Glencoe Health's online resources also include Parent Letters in English and Spanish. By offering such diverse resources and learning tools, Glencoe Health ensures that every student can master the concepts described in the National Health Education Standards.

Evidence of Glencoe Health's Effectiveness

Abt Associates Inc. Study--During the 2003­2004 academic year, Abt Associates Inc., an independent research firm, conducted an evaluation of Glencoe Health ©2004 to determine if use of the health textbook helps high school students achieve mastery of the National Health Education Standards. The evaluation used a pre- and post-test design and measured achievement of students' mastery of both health content and healthenhancing skills. It included items from the National Health Education Assessment in the content areas of alcohol and other drugs, tobacco use prevention, nutrition, and physical activity/fitness. This was the first study in which the National Health Education Assessment items have been used to assess the effectiveness of a commercial health education textbook in advancing students' mastery of the National Health Education Standards. The results indicated that Glencoe Health contributed positively to high school students' mastery of the National Health Education Standards. Students improved both their understanding of health concepts and their ability to apply health-enhancing skills in their lives. Overall, the study provided strong and persuasive evidence that Glencoe Health can help students achieve excellence in health education. Learner Verification Study-- During the spring of 2006, Glencoe 12

Health underwent a three-month Learner Verification Study. The purpose of the study was to (1) gather evidence to support the assumption that the instructional model used in Glencoe Health helps teachers prepare students to be successful on national, state, and local assessments; and (2) obtain qualitative comments from participating teachers and students. The study sample consisted of 948 students and 14 teachers in five states. The schools were located in small towns, suburban areas, mid-sized cities, and large cities. Teachers who participated in the study agreed to teach three chapters during the three-month study period. Prior to teaching the chapters, they administered a pre-test to determine their students' prior health knowledge. After teaching each chapter, students took a post-test. Both the pre- and posttest consisted of multiple choice and true-false questions. Results of the study show that 59 percent of the students who participated in the study were likely to increase their test scores by an average of three percentage points. Evaluation Study--During the spring of 2006, Glencoe also conducted an Evaluation study of selected chapters of Glencoe Health ©2007. More than 500 students in six schools participated in the pre- and post-test evaluation. Teachers were provided with three chapters of Glencoe Health, and all of the accompanying ancillary pages. Each teacher selected and taught one chapter. Prior to teaching the chapter, they administered a pre-test to the students. After completing the chapter coursework, students took a post-test. The results indicated that 85 percent of students increased their test scores after studying Glencoe Health. Student comprehension of the health concepts improved, showing that Glencoe Health helps students with varied backgrounds master health concepts and take responsibility for their own health.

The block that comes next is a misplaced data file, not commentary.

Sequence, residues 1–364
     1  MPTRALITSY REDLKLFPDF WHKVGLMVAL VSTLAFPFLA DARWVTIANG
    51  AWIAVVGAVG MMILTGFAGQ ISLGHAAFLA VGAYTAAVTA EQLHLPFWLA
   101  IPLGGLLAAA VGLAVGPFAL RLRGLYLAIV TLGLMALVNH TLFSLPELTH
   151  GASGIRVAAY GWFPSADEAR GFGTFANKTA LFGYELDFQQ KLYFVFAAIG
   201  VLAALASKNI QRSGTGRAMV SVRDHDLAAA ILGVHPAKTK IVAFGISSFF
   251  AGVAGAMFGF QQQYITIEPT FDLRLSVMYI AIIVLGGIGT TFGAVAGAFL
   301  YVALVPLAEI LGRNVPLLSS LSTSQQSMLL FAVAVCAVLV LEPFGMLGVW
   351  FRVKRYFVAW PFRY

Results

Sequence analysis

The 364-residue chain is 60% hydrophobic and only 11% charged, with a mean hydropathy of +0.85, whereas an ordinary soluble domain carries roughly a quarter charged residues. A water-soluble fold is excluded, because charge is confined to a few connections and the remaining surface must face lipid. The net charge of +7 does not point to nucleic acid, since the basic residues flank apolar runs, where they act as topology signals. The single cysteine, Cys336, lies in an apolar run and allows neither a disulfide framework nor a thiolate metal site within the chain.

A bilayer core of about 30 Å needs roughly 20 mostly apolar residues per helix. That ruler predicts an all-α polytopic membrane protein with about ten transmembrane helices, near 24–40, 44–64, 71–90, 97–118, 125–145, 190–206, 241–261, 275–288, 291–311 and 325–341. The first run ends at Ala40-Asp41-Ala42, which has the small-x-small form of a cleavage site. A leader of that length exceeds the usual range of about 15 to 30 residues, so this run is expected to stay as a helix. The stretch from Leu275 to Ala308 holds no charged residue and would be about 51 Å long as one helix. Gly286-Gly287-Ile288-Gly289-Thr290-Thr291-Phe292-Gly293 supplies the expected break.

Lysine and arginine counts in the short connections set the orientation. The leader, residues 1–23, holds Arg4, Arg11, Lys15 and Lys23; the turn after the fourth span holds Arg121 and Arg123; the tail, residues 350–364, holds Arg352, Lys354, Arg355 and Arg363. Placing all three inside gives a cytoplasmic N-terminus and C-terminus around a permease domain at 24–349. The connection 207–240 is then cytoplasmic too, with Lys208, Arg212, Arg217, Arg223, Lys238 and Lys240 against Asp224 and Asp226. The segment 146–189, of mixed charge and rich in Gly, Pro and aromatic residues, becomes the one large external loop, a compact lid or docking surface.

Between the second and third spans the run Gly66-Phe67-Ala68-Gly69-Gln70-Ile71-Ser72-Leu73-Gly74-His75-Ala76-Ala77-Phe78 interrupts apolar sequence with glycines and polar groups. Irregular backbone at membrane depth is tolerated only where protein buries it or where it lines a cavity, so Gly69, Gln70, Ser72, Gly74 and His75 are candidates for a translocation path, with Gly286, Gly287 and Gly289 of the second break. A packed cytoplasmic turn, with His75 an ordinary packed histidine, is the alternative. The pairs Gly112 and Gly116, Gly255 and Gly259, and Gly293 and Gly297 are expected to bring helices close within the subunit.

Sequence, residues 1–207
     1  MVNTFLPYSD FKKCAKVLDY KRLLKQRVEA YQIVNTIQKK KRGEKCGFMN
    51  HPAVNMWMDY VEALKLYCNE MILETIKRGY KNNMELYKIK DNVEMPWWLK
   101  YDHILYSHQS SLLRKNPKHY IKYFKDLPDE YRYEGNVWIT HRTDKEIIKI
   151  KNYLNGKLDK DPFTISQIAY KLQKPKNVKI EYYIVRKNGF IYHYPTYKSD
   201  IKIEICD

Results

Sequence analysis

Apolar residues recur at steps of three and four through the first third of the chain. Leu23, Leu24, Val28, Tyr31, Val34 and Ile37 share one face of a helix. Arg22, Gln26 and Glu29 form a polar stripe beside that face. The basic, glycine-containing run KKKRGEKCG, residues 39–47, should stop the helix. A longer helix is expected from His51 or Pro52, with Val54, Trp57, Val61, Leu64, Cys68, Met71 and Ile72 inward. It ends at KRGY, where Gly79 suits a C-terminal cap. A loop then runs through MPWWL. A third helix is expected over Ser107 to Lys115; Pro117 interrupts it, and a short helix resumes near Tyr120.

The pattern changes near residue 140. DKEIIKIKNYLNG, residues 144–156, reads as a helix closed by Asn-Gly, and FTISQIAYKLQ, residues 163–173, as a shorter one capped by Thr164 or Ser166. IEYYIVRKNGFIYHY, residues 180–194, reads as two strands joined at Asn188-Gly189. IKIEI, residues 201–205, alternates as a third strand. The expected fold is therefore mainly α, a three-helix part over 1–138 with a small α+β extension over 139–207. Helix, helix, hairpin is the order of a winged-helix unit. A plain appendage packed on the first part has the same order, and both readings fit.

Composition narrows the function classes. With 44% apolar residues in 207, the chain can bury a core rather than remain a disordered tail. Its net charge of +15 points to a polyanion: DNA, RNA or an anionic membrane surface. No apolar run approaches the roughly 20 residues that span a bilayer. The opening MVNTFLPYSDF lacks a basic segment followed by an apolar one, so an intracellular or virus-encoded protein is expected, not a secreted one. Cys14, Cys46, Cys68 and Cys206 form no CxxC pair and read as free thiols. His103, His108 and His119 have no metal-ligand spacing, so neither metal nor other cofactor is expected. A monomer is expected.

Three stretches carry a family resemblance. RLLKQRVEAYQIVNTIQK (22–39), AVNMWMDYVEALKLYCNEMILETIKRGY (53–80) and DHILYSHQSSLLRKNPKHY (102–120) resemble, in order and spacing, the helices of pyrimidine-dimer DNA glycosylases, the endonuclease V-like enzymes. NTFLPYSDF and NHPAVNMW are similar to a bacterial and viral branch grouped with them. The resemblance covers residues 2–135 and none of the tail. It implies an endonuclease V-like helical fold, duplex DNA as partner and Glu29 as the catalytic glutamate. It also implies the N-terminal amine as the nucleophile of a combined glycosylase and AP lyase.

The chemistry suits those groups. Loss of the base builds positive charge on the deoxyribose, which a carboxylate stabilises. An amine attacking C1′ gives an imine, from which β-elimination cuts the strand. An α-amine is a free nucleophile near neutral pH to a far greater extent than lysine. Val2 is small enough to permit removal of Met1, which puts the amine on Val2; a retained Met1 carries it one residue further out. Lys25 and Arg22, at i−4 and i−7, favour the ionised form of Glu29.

Examples of Research-Based Strategies in Glencoe Health

Learning Strategy

Using prior knowledge to learn new information Practicing important tasks and skills

Select Examples from Glencoe Health